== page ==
Once you got to your destination, you would put your plastic man in the store and roll the dice for what you had to pay. I don’t remember how many destinations you had to get to, or how you won in the end, and it never really mattered. The fun of the play was that it was amazingly like real life at the time, like a fun little trip around the city with Mom. I played this game for, oh, a million hours when I was a kid. Sometimes with my mom, sometimes with my aunt, sometimes even with other kids.

And it was a city that had everything, but cities did back then. There was a hay, grain and feed and a lumber yard, an auto dealer, a coal yard. There was a bowling alley, a newspaper and, that most downtown of downtown stores, the nut shop. There was a linoleum and wallpaper shop, a smoke shop, a 5&10, and a fish market. This city had everything, all just blocks from your home. There were, of course, multiples of some things, like diners and gas stations, which could affect how far you had to travel to meet your next objective. And for every store on the board, I could picture a real store in my mind. I knew the hardware store, the luggage store, the poultry shop. I knew the smell of the smoke shop from the street, the bare bulbs strung along the auto dealer’s lot, the sound of the drug store lunch counter. Playing the game was just like a trip downtown.

park and shop board segment3.jpgCoolest of all, to my child’s mind, were the stores with two entrances. Unthinkable in the big box era, it was much more common then for a store to have a back entrance which often opened onto a side street or alley. (Our A&P had four or five registers at the front door, and two more by the back door – though the back registers didn’t have grinders for the 8 O’Clock Coffee.) Inexplicably, there always seemed to be something special, perhaps familiar, about using the back entrance – it seemed to say, “We come here all the time.” And this board captured that, with a stores that could be entered from different streets. And, if it helped you in the game, you could go out the other entrance, skipping several spaces.  To me, this seemed unspeakably real.
 
Props to Anne Chudobiak for this post that jogged my memory and expressed a similar love of the game, and to Board Game Geek for filling in the blanks.

What set this all off? These enchanting paintings of board game boxes by Tim Liddy. Click on “Present Work” to set off all kinds of memories.

Certainly doesn’t

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Certainly Cures Cancer 1895.png

Oh, how we used to laugh at the generations that came before us, falling for these ridiculous patent medicines and cure-alls. How could they have been so simple? Who would believe that going to Dr. Vines for his Vegetable Concoction would be the way to treat cancer?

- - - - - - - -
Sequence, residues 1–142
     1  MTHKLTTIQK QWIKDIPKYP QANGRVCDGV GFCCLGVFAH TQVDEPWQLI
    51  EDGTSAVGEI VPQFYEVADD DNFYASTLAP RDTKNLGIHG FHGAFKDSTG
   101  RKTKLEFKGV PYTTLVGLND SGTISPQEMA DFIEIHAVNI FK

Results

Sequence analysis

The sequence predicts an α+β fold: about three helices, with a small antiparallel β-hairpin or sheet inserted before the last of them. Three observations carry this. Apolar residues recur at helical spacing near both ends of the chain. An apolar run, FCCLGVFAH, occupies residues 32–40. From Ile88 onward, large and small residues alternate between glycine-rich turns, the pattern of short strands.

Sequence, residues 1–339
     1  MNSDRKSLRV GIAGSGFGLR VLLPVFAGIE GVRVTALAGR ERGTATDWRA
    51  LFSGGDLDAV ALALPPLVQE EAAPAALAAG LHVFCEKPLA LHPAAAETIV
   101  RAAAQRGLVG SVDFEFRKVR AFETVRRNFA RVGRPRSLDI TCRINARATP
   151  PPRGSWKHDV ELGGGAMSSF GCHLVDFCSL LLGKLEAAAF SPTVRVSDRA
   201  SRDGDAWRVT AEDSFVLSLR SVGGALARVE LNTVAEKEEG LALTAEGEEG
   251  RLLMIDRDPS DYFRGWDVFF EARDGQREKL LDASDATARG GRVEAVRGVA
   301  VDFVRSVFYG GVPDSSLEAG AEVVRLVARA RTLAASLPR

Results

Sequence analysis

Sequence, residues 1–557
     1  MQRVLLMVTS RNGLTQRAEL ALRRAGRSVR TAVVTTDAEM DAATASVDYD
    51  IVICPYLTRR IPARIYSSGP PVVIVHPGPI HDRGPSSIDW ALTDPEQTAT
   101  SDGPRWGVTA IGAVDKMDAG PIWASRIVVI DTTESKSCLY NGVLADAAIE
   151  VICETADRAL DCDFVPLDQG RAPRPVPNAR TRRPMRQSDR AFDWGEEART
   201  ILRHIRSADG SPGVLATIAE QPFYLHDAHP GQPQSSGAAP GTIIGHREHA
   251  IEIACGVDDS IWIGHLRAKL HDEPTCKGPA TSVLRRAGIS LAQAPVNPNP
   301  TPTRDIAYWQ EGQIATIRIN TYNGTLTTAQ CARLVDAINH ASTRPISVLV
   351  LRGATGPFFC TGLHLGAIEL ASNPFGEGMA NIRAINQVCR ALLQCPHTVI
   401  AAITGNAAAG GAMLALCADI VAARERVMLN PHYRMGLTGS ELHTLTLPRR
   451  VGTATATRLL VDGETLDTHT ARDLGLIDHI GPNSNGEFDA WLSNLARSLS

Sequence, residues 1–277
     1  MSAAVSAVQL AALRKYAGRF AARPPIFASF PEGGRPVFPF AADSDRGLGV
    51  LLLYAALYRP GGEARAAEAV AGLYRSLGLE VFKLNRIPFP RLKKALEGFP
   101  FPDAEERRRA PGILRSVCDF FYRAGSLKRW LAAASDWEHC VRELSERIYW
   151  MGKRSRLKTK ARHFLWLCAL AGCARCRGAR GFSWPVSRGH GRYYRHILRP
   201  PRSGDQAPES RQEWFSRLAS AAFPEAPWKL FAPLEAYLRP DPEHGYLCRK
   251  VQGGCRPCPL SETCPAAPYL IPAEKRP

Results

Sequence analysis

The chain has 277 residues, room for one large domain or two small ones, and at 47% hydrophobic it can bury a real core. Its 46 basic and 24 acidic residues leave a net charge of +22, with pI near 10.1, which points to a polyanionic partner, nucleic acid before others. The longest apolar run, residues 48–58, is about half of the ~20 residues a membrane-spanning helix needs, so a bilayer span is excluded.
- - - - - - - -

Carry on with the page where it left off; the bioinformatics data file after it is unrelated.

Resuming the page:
Well, our forebears should be laughing at us, because we have vastly increased scientific knowledge, incredible medicines, and a couple of centuries of know-better, and yet now is the Golden Age of Charlatanism. Thousands of people are choosing to endanger their children and society because a blond bimbo believes that vaccines cause autism. People who know absolutely nothing of how many people used to die from food poisoning are characterizing government as jackbooted thuggery because it wants to ensure that milk is pasteurized. People are at once convinced that pesticides cause every cancer under the sun and that DDT should be brought back to deal with bedbugs.

When I was growing up in the Space Age, science and knowledge were revered. We believed in advancing knowledge using the scientific method, and improving our world as a result. Now, through a bizarre combination of “question authority” (reinterpreted as “always doubt authority”), religion-based blinders and a popular and political culture that is proud of idiocy, we are turning progress on its head, rejecting solutions our somewhat more sane forebears would have killed for, and believing that the desire and belief of the individual now completely overrides the needs of society. I really can’t figure out how we got from there to here, how we have embraced both an absolute lack of personal responsibility, where someone else must be at fault for everything that happens to us, and an absolute right to having each personal opinion indulged. But I do know that here — a place where people think that it’s their own personal choice to have or not have diphtheria or mumps or measles, and if we have a few deadly outbreaks, what’s the big deal? — is not a place I want to be.